By lavender at Jul. 12. 2017.

      We recently had a question as to whether black-eyed- Susan is a perennial, a short lived perennial or a biennial. For some gardeners the clumps come back every year, grow bigger and eventually require division. For other gardeners the plants will reseed but the plant never seems to get bigger but there are always black-eyed-Susans blooming at the end of the summer. And for the unlucky gardener the plant disappears completely never to return. The confusions lies not so much with the plant but with the nomenclature.

      There are reportedly 145 different species in the genus Rudbeckia and uncountable cultivars.  Many of them are referred to as black-eyed-Susan. When speaking of this genus it is not unusual for all or at least most of its members to be referred to as black-eyed-Susan. This is why taxonomic names are preferable when buying plants. You still may not get the plant that you think you are getting but at least you can state definitely that the plant has been mislabeled rather than you don’t know what you are asking for.

      Rudbeckia fulgida, aka as orange coneflower, is the reliable perennial form of black-eyed-Susan. It is a clumping perennial that grows to about 3 feet in height and width. It thrives in most soils but prefers a moist but well drained location. It grows in either sun or semi-shade and blooms in August. The flowers are yellow/orange, multi-rayed and have a raised

      R. fulgida

      R. fulgida

      brownish center. Propagation is generally by division although the plant will reseed itself. This species is a native perennial and will form colonies in fields and meadows. It can become invasive in the garden as it also spreads via rhizome but it is generally controllable.

      The most popular cultivar is ‘Goldsturm’. Its full taxonomic name is   Rudbeckia fulgida var. sullivantii ‘Goldsturm’. ‘Goldsturm’ is about 2 feet tall and blooms prolifically from mid-summer to fall. The flowers are larger than species plants, ranging from 3-4 inches across. The flower color is in the darker yellow shades.

      ‘Goldsturm’ does not come true from seed. If you do not deadhead the flowers eventually your patch of ‘Goldsturm’ will revert to a wild form. The ‘Guldstrum’ plants reach the end of their natural life span or are crowded out by the more vigorous non-hybrid seedlings. We suspect this is what happened in the bed at the entrance to Penn State that Julie now tends. This was a carefully planted bed with two types of orange and yellow daylilies that bloomed at different times, irises, lavender, black-eyed-Susans, and snow-in-summer (Cerastium tomentosum)   cascading over the edges of the bed. Very pretty and something was always in bloom. The bed’s tender moved away and it was cared for by whomever had a minute or two. Eventually the neat, low growing black-eyed-Susans turned into monsters that took over the bed and shaded the other plants out. It was beautiful in the late summer but the rest of the plants struggled and if and when they did bloom they could not be seen. It took a have dozen of us almost all day to remove the black-eyed-Susans and mulch the bed. They persisted in reemerging for several years.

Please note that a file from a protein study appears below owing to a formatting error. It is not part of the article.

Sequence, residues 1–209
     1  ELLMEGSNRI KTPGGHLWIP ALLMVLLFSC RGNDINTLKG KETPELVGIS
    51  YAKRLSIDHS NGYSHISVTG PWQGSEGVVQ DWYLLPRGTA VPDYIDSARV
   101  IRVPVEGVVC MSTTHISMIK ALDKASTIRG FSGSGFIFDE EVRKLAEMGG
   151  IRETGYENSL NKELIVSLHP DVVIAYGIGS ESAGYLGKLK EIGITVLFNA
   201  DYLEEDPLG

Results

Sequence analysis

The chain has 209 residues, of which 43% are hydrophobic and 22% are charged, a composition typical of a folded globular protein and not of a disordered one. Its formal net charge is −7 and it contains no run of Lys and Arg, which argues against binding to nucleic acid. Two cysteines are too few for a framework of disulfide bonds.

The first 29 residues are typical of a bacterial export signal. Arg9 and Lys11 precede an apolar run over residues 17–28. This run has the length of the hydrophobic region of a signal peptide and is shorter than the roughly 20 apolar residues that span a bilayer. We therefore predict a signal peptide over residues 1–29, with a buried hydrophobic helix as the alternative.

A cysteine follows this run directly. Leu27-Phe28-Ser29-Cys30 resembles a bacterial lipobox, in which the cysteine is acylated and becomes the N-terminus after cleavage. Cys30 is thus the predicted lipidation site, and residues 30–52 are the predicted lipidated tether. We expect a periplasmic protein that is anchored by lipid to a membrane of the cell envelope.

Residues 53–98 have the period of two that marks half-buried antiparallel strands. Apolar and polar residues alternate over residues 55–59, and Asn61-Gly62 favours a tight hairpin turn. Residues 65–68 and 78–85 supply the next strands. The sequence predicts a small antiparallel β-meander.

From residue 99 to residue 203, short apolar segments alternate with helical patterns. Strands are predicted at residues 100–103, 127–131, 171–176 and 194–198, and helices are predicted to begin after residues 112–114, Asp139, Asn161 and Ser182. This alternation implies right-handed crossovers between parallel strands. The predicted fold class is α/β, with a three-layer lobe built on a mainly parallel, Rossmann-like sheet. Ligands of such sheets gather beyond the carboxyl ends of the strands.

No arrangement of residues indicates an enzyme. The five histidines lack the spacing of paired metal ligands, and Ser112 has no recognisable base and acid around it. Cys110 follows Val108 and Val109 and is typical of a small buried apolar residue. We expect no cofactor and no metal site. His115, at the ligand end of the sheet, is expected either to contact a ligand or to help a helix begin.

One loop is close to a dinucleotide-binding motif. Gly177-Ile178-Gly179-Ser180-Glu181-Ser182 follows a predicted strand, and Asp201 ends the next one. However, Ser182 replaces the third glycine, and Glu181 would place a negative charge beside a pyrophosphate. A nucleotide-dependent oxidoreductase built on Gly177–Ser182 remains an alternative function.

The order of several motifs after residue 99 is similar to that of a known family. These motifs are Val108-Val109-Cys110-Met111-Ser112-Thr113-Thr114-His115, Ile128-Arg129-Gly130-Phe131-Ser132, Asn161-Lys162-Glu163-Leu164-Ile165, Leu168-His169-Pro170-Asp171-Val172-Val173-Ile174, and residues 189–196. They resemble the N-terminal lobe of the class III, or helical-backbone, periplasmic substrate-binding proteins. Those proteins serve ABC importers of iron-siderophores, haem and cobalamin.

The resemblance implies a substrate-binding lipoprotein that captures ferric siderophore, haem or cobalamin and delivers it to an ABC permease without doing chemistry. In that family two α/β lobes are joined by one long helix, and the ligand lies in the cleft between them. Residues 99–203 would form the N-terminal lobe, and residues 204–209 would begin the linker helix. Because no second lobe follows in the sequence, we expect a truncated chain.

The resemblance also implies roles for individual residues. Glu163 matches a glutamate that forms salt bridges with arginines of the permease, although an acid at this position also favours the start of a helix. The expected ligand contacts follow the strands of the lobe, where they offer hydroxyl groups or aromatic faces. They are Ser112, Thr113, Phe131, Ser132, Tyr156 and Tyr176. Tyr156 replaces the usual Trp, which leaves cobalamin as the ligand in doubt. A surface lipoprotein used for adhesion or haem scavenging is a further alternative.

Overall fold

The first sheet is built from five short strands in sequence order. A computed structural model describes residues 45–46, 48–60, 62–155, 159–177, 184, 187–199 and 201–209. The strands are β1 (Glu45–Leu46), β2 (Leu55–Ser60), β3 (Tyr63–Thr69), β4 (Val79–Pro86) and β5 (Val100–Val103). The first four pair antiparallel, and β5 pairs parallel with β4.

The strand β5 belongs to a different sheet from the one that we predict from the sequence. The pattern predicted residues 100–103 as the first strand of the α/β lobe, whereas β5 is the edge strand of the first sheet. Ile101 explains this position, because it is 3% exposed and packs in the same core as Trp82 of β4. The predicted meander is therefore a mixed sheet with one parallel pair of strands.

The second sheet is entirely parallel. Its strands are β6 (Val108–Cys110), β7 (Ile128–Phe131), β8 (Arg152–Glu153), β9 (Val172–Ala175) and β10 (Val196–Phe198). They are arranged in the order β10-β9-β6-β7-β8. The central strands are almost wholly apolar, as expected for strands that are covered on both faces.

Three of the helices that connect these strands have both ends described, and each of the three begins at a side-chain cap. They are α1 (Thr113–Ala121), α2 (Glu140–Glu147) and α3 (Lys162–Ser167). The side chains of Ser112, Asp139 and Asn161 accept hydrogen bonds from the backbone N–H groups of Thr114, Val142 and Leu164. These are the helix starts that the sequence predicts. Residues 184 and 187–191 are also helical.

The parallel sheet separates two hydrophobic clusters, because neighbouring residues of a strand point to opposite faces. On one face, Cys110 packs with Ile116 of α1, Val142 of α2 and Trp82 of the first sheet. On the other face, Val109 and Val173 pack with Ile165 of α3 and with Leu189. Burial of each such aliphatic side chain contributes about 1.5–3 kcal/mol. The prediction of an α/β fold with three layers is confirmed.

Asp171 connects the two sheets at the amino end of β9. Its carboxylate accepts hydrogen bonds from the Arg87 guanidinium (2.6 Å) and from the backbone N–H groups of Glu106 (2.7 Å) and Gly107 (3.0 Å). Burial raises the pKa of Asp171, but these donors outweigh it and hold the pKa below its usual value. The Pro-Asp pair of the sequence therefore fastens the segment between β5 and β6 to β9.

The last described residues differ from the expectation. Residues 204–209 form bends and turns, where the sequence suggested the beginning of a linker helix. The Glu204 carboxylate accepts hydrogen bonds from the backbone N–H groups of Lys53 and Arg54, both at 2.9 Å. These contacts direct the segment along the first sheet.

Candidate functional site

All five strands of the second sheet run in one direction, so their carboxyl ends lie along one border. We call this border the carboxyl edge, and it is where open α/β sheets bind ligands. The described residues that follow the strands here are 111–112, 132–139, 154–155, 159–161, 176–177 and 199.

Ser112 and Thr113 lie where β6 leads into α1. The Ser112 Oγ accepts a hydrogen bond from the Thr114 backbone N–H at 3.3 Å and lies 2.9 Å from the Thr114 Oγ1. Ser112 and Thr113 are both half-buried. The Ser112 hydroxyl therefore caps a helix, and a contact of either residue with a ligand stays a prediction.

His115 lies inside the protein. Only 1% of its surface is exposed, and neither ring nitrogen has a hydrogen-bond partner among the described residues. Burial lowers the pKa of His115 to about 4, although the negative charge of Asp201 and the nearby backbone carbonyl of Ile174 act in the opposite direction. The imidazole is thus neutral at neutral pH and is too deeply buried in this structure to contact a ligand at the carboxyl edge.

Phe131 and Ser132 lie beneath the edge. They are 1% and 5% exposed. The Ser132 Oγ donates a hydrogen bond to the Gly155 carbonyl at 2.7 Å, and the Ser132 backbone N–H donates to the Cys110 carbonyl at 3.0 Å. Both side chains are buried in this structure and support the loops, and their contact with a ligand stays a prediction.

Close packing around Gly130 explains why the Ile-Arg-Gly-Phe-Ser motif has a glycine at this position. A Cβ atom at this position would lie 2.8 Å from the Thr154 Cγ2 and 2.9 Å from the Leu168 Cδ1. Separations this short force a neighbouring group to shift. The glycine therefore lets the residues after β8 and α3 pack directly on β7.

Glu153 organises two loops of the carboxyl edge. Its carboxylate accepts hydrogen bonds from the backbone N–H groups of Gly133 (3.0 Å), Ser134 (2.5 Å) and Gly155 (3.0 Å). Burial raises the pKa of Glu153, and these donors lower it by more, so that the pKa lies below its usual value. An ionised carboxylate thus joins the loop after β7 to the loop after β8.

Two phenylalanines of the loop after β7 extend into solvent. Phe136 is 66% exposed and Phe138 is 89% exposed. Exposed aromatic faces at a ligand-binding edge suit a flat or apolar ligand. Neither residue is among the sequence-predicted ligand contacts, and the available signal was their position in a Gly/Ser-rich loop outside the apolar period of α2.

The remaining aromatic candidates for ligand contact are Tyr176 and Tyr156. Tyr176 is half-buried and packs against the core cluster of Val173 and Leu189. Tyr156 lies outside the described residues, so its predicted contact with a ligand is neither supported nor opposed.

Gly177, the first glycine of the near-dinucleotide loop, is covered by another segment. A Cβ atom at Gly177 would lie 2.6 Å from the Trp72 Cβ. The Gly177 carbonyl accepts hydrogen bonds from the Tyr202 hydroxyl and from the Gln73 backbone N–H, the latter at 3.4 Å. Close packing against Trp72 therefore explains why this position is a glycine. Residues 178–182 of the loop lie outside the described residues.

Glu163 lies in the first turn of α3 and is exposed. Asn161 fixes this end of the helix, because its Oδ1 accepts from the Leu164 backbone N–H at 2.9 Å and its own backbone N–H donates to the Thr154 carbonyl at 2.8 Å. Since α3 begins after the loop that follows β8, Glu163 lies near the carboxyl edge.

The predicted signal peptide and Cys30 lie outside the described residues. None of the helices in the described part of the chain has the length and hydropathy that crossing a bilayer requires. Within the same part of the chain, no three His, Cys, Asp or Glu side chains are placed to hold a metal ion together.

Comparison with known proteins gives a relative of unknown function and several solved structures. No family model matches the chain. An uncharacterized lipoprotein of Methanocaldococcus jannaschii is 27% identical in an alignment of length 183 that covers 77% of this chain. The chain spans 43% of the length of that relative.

The second plant that is commonly called black-eyed-Susan is Rudbeckia hirta. This is the biennial, short lived perennial that is even sometimes grown as an annual. The plant spreads readily from seed. It will bloom the first year from seed sown in each

      R. hirta

      spring or started indoors. The plant will grow in most soils except those that are wet and prefers full sun. Unlike it cousin R. fulgida it does not spread by rhizomes or form clumps that need to be divided. The flowers are multi-rayed, orange/yellow with a raised brown center. They are almost indistinguishable from R. fulgida.

      1. hirta is also a native plant found throughout most of the United States. It is found in fields, open woods, roadsides and meadows blanketing fields with a carpet of golden yellow in the late summer. Because of its prolific seeding it can become invasive and a general nuisance in the garden. It is best planted in its own bed where the mower will take care of any seedlings growing outside their designated area.
      2. hirta is also known as gloriosa daisy. This name, though, is usually applied to the multicolored cultivars that have been bred from R. hirta. ‘Cherry Brandy’ has a bright red/ maroon center and is generally an annual. ‘Indian Summer’ has flower heads up to 9 inches and is described as a short lived perennial that readily re-sows. ‘Prairie Sun’ has a green eye and dark yellow center with lighter flower tips. This one is described as a short lived perennial that might survive for a few years. ‘Irish eyes’ is gold flowered plant with green eyes. It too is a short lived perennial. These are all open pollinated plants that will grow from seed so the survival time is probably as dependent on the particular genetic makeup of the individual plant as it is on the variety.

      So with R. hirta and R. fulgida having flowers that are so similar, bloom at the same time and generally filling the same niche in the garden how do we tell them apart? The easiest way to identify them by simply looking at them is to check the leaves. The leaves are a bit different in shape but the telling feature is described by the name ‘hirta’. ‘Hirta’ means hairy. R. hirta has leaves and stems with fine hairs. Even the seedlings are identifiable by these fine hairs. If a plant is described as black-eyed-Susan and the leaves are hairy do not buy it unless you are prepared to enjoy it as an annual and collect the seeds for replanting. If the leaves are smooth it is R. fulgida and a true perennial.

       

       

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